Environment groups warned that the public interest is often overruled by private interests.
The accusation was challenged by sporting and estate representatives, who say local management groups are doing a good job but concede accountability could be improved.
Members of Holyrood’s Rural Affairs, Climate Change and Environment Committee are looking at deer management two years after changes to legislation brought in a code of conduct.
Duncan Orr-Ewing, head of species and land management at RSPB Scotland, told the committee: “It’s very difficult to have a proper debate about this when we don’t have an effective deer management plan. We have a voluntary approach.
“Sixteen out of 42 deer management groups have a deer management plan. Most of these plans have been developed by the deer management groups themselves.
“They have not had proper consultation, they don’t recognise to a large extent the public interest, including things like wildfire, people and protection, some of the issues like woodland expansion.
“We do think there is an urgent need for an effective deer management plan and system in Scotland that recognises all of these wider public interests, and we don’t have that.
“The private interest very much subsumes the public interest in the development of these plans.
“For any other land-use sector you can think of there is usually at least an over-arching plan in place for natural resource management.”
Concerns include the large numbers of deer roaming the country.
Most recent population estimates suggest as many as 400,000 red deer, which is an increase of up to 80% since the 1960s, according to Scottish Parliament researchers.
Mike Daniels, head of land and science at the John Muir Trust, said: “Whenever someone tries to reduce deer numbers in conservation interests or in the public interest there is a big outcry from neighbouring sporting estates, saying their livelihoods is in danger and it’s all terrible.
“I think that demonstrates the current system doesn’t work. It causes a lot of conflict, it causes bad feeling locally.”
Dr Maggie Keegan, head of policy and planning at the Scottish Wildlife Trust, said: “We should be seeing significant changes in the environment and I just don’t think we’re there yet.
“If you drive up and down Scotland looking for a natural tree line, looking for montane scrub, you just don’t see it pretty much anywhere apart from two kilometres close to the Cairngorms.”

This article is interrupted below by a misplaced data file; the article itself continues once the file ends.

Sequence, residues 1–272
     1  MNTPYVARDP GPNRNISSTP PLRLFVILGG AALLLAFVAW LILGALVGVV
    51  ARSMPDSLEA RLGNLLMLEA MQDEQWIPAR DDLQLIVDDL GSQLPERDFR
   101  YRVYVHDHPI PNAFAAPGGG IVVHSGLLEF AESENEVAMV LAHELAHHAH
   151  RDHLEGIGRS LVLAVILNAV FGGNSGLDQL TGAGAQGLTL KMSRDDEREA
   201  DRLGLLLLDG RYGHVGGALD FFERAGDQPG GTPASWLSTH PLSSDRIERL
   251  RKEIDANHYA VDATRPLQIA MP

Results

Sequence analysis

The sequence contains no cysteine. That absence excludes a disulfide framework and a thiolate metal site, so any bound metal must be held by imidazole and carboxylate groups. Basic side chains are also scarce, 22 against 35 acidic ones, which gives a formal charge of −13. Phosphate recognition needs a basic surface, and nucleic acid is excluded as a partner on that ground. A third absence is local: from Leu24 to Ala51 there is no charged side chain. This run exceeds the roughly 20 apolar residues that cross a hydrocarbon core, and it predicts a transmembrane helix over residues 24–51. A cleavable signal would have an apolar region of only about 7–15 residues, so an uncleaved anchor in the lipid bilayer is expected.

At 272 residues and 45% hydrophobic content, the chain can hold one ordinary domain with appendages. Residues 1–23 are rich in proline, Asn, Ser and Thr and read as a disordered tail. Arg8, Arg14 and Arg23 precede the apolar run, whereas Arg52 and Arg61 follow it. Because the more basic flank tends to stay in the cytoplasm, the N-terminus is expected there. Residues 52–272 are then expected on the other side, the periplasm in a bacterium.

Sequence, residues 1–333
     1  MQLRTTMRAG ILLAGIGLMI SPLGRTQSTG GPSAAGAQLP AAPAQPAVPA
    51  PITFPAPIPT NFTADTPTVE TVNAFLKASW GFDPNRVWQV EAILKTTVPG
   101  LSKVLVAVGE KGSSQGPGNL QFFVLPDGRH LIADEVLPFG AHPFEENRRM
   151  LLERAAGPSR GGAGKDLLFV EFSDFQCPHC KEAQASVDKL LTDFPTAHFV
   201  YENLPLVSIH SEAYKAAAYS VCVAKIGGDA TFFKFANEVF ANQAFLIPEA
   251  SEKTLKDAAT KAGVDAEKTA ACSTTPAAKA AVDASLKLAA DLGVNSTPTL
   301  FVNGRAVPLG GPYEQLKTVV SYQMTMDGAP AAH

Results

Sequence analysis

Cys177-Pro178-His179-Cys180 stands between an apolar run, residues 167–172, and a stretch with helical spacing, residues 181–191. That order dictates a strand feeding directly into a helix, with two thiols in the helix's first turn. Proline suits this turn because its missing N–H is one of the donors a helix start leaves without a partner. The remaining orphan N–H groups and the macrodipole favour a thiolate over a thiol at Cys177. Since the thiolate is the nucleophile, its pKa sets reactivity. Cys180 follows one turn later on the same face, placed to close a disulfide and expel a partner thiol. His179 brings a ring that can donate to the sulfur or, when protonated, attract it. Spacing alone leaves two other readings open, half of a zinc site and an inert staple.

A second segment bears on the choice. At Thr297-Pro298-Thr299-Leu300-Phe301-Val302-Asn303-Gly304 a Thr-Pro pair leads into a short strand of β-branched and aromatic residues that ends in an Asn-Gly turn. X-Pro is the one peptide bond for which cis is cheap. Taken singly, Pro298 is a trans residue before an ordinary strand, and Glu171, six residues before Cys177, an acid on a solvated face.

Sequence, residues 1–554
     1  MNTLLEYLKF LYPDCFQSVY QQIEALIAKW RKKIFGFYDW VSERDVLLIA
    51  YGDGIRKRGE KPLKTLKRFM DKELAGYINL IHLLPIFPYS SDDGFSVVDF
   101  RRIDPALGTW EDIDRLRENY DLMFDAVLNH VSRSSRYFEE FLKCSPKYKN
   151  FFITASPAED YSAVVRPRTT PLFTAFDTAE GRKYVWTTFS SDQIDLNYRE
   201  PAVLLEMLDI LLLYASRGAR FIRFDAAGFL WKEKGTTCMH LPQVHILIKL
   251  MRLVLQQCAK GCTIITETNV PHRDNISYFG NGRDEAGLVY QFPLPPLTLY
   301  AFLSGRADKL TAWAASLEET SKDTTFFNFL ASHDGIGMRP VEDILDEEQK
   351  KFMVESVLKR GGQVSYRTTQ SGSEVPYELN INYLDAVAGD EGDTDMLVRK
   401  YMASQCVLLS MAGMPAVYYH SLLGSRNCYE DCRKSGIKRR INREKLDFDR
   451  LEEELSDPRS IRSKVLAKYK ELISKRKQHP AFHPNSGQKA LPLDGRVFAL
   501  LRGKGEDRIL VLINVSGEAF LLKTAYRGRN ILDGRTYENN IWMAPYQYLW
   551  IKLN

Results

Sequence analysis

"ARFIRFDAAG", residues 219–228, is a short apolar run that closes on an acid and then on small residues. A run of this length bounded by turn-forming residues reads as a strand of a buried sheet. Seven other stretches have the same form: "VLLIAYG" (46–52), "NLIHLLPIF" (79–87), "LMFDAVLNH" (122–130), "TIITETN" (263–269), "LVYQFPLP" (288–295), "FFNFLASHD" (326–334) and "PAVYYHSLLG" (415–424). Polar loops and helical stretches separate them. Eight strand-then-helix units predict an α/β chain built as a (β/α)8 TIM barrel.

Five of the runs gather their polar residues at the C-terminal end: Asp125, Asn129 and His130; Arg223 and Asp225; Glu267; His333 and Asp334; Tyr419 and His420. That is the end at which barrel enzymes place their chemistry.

Richard Cooke, chairman of the Association of Deer Management Groups, said the national approach strikes a balance.
“We like the fact there is a good balance between environment, economy and communities, and that they’re all inseparable and need to be taken account of in every economic or environmental management activity we undertake,” he told the committee.
The standard of accountability ranges from good to bad, he added.
“There is certainly more work to be done in that respect,” he said.
“This is the culture change that the code is in the process of bringing about. Certainly, deer management groups need to be more inclusive.”
Getting the deer population to a level suitable to everyone is very difficult, he said.
Jamie Williamson, representing Scottish Land and Estates, said grazing has decreased over generations.
“200 years ago we had far more cattle, sheep, feral goats, horses on our hills,” he said.
“These have transformed to mainly sheep. In the last 10 years alone we’ve had 1.4 million sheep coming off our hills.
“The impact of that is we’ve gone from a situation where in 1800 you could regard as overgrazing to a situation where you’re getting rank vegetation, we’re getting wildfire problems.”
The country is in danger of losing biodiversity, he suggested.
“Though the sheep have come off by one and a quarter million in the last 10 years, that has been in no way replaced by the deer. The deer numbers have been relatively static,” he said.